OCEANSIDE — The Libby Lake community is counting down the days until its big trash cleanup March 5. Students in the Vista Community Clinic REACH afterschool program, church groups adopt-a-block efforts, neighborhood groups and the city will work together to bring in and fill two dumpsters with unwanted household items and yard waste.
“It’s a way of partnering with individuals who are already doing the work,” Maria Yanez, city neighborhood services management analyst, said.
The city holds big trash item cleanups four times a year in different neighborhoods. City staff partner with community groups that help plan the day and recruit volunteers.
A few dozen volunteers have already committed to help with the Libby Lake cleanup. Yanez said once the cleanup starts more neighbors often spontaneously join in to help.
Efforts clean up the community and unify neighbors.
Volunteers go door to door and ask residents if they have unwanted large items in their home, garage or yard. Often volunteers go a step beyond and spot and haul unwanted items left in alleyways, or help elderly residents to move boxes and do light yard work.
Car parts, paint and electronic waste can not be collected, but information is shared on how to safety dispose of those items.
The city provides gloves, trash bags, trash pickup tools and water for volunteers. Yanez said residents often ask to keep extra supplies so they can continue clean up efforts on their own. “It instills community pride,” Yanez said.
Students in the REACH program have already initiated a monthly park cleanup as one of their service learning projects. Kesha Spoor, Vista Community Clinic youth development program manager, said the drop-in program draws students who want to make a difference.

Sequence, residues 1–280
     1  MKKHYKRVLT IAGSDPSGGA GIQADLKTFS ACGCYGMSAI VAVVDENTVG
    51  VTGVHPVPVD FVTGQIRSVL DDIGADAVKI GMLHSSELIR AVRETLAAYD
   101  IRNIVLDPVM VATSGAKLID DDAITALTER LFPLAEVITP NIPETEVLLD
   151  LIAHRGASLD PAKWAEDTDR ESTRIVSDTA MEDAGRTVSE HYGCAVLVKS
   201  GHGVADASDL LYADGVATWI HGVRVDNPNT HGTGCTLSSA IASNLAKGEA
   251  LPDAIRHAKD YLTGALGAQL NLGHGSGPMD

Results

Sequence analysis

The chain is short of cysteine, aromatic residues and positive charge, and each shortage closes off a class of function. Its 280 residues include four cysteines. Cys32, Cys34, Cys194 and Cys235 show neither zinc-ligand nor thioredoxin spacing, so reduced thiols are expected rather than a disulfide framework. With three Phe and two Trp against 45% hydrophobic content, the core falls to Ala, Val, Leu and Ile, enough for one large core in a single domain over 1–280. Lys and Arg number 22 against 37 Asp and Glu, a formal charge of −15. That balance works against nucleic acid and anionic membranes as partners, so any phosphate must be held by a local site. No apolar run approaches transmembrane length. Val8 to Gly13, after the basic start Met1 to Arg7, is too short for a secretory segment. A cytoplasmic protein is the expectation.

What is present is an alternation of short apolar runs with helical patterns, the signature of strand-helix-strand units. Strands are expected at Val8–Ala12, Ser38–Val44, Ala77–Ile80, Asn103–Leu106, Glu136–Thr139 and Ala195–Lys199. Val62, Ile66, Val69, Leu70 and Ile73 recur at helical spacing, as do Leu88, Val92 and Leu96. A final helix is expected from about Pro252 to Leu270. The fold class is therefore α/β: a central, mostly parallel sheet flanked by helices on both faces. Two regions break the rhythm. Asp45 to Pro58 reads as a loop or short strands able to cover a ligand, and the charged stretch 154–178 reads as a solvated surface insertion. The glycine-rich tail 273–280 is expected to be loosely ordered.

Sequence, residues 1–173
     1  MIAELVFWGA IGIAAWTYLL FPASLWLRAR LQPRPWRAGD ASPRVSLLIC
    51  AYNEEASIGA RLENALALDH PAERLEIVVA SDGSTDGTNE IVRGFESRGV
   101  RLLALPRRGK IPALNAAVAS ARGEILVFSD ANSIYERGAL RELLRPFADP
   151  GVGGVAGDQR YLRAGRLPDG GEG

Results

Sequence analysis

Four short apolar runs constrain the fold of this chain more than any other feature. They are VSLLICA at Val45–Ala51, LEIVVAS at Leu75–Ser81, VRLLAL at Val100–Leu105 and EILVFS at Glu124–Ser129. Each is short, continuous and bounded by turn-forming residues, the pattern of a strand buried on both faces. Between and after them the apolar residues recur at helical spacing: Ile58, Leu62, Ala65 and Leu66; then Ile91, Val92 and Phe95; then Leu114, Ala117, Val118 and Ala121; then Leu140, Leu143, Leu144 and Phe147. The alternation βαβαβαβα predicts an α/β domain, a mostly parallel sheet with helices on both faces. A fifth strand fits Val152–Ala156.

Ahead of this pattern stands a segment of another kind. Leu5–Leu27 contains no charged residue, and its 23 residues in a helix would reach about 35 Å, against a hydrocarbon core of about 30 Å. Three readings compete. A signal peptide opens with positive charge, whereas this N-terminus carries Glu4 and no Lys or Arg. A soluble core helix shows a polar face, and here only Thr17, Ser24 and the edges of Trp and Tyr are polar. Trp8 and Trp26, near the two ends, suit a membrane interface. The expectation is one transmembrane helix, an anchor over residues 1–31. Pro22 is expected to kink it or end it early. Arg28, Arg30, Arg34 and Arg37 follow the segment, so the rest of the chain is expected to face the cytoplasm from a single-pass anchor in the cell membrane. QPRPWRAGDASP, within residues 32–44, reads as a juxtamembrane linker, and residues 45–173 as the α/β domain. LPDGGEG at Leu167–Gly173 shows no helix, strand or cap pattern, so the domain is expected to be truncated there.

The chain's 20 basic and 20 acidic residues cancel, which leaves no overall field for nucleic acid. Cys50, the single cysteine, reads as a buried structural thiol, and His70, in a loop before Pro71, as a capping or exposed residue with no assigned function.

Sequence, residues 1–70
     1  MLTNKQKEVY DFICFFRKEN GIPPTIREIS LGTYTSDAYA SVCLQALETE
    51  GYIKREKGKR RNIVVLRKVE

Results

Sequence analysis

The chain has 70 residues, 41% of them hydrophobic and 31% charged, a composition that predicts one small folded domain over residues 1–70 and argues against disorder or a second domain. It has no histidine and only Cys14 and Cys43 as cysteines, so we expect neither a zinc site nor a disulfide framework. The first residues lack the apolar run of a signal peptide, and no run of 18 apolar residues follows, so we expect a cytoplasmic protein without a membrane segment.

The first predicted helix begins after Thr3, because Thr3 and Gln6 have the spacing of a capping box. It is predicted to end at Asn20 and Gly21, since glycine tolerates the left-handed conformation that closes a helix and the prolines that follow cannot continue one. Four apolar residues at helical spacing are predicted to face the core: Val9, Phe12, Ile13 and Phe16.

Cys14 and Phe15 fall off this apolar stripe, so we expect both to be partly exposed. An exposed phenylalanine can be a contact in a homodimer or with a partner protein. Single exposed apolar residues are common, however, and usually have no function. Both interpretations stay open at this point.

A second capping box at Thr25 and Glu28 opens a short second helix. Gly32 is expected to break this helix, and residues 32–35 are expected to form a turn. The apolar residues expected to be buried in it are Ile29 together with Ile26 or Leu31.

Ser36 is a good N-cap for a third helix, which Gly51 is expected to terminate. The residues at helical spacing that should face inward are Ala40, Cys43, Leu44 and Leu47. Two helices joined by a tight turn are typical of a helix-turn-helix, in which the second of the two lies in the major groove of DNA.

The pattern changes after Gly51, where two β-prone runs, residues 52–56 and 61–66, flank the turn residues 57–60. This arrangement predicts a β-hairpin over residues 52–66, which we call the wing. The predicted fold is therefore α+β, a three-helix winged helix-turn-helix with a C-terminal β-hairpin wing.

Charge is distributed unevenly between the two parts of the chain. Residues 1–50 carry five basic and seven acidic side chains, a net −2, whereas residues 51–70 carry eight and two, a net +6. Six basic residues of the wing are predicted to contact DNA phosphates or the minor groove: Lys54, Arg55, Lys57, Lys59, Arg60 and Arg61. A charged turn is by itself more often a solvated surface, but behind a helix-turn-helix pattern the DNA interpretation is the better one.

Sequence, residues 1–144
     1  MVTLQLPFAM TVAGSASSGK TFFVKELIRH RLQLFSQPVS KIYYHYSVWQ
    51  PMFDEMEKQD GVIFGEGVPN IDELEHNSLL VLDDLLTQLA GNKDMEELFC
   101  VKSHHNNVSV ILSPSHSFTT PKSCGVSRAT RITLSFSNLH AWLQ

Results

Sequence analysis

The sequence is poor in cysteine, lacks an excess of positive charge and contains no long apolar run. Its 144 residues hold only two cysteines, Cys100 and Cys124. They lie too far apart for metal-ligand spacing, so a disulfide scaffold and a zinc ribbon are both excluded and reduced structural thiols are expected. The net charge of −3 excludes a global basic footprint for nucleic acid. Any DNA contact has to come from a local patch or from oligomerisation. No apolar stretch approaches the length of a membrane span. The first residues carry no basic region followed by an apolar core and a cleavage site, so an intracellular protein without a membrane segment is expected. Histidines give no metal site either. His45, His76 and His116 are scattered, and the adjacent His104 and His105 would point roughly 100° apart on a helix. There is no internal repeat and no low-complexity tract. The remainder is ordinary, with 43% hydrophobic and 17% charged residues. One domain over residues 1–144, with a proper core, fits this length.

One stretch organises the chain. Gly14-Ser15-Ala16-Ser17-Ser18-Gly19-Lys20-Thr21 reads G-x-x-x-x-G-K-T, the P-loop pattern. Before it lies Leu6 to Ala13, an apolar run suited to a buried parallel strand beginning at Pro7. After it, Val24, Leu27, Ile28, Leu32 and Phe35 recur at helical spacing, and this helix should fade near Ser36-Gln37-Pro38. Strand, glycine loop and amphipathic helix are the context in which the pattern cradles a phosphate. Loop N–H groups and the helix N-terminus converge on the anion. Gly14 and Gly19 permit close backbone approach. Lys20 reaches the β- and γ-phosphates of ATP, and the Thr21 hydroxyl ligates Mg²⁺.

Libby Lake neighbors have come together over the past few years to clean up and take back their neighborhood. Community events are regularly held at the park and mural and beautification project were completed by REACH students last year.
“When some people think of Libby Lake they still think it’s a very dangerous place, after the tragic shooting that killed two young people who were at the wrong place at the wrong time,” Yanez said. “Residents want to prove there is more to that neighborhood, and I think may have now.”
Yanez said the city began quarterly community cleanups two years ago when the annual SUN project was discontinued.
The SUN project went a step further and recruited volunteers to paint, do heavy yard work and light home repairs.
Yanez said the city found that it could not continue to fund and manage the SUN project that involved more than 1,000 volunteers and multiple neighborhood blocks. She added that neighborhoods have kept up their homes following SUN project efforts, and the quarterly cleanups are a good follow-up action.
Past community cleanups have been done in the Eastside neighborhood and back gate neighborhood that borders Camp Pendleton.
March 5 efforts will include a volunteer breakfast and light lunch at Libby Lake Park. Volunteers start at 8:30 a.m.